Just a few more weeks until Thanksgiving and I know that we all have A LOT to be thankful for! I started one of those trends running on Facebook where each day you recognize one thing that you’re grateful for. I hope that I can remember to post something each day because I definitely have a lot of gratitude for some of the simplest things in life!
Here’s a recap of the past few days:
30 days of gratitude and thankfulness:
Nov 1: I am thankful that my family & friends made it through Sandy safely!
Nov 2: I am grateful for my health!
Nov 3: I am thankful for Pine Valley & their ability to grow beautiful trees & provide our family with a great yearly tradition of tree tagging!
Nov 4: I am thankful for an extra hour of sleep! Nov 5: Even though I didn’t want to get out of bed this morning, I am thankful that my husband and I both have decent jobs to go to.
I no longer take my health for granted. As I enter into the month of November, I’m once again reminded with all the “anniversaries” of the events that led to my diagnosis. But something else has been taking up space in my heart over the last week – and is referenced on day one of my thankfulness – the devastation that Hurricane Sandy brought to the east coast. I feel so lucky that my family and friends are all safe. I grew up in a small fishing town along the Jersey shore – Atlantic Highlands. Our sister town right next door is Highlands and was completely devastated by Sandy. The victims of Sandy are my former classmates (both are such small towns that Atlantic Highlands & Highlands kids go to one common middle school/high school combo), friends, my mom’s patients and a town full of people determined to rise up and rebuild. I have been monitoring the sequence of events from afar, mostly via Facebook updates and other social media outlets like Twitter and YouTube. I cannot tell you how many times my eyes were brimming with tears. I almost feel guilty when I climb into a warm bed each night – because I know that there are so many others in my town who will not have that comfort for a long time.
Atlantic Highlands and Highlands are built into a hill and both towns overlook the Atlantic Ocean and Raritan Bay – so there is literally a “downtown” area for each town. Downtown Highlands was basically underwater after Sandy and the Atlantic Highlands harbor suffered a great deal of damage. My parents are lucky – they happen to live up high. The biggest concern for them were the trees surrounding their house and streets and thankfully they remained safe. The other two areas that bring back a flood of childhood memories are Sandy Hook and the town of Sea Bright. I’m not sure those two areas will ever look the same.
The glimmer of hope is the pride I feel when I read all those Facebook posts and see how the community is pulling together to help one another out. The National Guard was stationed in Highlands and for a while, only Highlands residents were allowed into town. My best friend’s sister (an Atlantic Highlands resident) was able to borrow a Highlands’ resident’s ID so she could sneak into town with a mobile mini-mart offering displaced homeowners hot coffee, hand sanitizer, food and even the sweatshirt off her back. I know that there are countless others out there on the streets of Highlands making sure that their neighbors are taken care of.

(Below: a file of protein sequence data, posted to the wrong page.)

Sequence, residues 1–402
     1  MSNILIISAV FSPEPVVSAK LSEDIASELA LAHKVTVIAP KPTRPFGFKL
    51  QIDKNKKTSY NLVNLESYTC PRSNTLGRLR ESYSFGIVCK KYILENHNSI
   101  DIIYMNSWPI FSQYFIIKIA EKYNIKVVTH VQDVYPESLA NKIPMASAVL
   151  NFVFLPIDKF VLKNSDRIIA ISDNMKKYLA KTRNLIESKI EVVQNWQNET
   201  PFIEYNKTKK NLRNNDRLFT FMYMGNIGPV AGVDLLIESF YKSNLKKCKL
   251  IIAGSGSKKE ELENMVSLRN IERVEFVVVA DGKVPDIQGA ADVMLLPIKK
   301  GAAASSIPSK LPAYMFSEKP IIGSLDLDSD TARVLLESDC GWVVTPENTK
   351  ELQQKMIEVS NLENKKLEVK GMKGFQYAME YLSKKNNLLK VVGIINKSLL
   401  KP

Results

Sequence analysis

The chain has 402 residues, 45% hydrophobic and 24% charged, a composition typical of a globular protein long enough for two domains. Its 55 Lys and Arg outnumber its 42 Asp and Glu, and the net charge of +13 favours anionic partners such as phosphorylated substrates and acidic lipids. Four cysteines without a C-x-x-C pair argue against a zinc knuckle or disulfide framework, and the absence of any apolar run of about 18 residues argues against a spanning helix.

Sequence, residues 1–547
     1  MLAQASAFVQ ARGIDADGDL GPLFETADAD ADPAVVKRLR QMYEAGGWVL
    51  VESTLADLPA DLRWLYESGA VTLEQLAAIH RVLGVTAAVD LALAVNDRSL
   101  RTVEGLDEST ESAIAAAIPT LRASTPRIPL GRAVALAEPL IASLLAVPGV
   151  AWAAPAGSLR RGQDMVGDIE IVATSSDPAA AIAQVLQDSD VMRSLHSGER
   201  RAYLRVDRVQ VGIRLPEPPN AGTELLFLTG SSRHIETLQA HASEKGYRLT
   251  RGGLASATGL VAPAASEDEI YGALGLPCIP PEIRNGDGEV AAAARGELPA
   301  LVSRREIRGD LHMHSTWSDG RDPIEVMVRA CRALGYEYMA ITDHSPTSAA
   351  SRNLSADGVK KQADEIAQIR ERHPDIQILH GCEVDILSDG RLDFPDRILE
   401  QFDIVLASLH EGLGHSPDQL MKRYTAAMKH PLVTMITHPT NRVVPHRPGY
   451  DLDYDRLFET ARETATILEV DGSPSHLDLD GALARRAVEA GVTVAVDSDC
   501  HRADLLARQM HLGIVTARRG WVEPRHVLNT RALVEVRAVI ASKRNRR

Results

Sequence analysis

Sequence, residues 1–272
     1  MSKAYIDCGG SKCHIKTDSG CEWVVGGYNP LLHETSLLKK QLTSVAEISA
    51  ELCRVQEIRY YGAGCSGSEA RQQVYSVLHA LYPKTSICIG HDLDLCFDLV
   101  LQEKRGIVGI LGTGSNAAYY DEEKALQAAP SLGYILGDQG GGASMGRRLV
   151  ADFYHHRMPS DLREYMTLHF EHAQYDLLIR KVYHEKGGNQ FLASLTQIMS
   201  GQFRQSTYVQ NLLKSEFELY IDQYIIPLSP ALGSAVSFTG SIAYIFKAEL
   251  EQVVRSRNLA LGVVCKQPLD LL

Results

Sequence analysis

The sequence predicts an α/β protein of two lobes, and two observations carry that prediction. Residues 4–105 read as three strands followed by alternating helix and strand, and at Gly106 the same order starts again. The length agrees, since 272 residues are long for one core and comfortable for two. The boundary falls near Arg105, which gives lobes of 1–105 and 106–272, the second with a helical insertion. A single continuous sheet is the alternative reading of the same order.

Right after the storm, my parents escaped to their second home near the Poconos, PA. They returned to Atlantic Highlands Sunday night and my mom has called me each day, heavy with emotions as she drives through Highlands and finds people who need help. Even though, I have viewed countless pictures and videos online, I cannot fathom the emotion of seeing the devastation firsthand.
In addition to all the friends and families who lost their homes and belongings, there is also the loss of landmarks from my childhood and coming of age: my high school (MAST) was located on Sandy Hook and now has to find a place to temporarily relocate, the beach clubs in Sea Bright where I was fortunate enough to spend many summers are basically gone, one of the oldest restaurants in NJ and where I spent my summers in between college waiting tables will have to rebuild, the beach where my husband proposed to me may not be open for the 2013 season and McLoones, where we had our wedding reception was lifted off of its foundation. I am deeply saddened by every new bit of information that I receive. And with this new storm on the horizon, the towns are yet again being evacuated.
I saw a picture posted on Facebook from one of my past favorite watering holes in Highlands – Off the Hook. I think this picture of their sign sums up how determined and strong this town is. I am proud of where I grew up and I feel extremely fortunate that my childhood home is still standing.
As cheesy as it sounds, I’m “Jersey Strong” and I’ll always be a Jersey Girl (please note that one does not need to have big hair, long nails or a foul mouth to be a Jersey girl)!
PS – I know this post has absolutely nothing to do with Breast Cancer but the life cycle of a breast cancer blog will be another post, another day!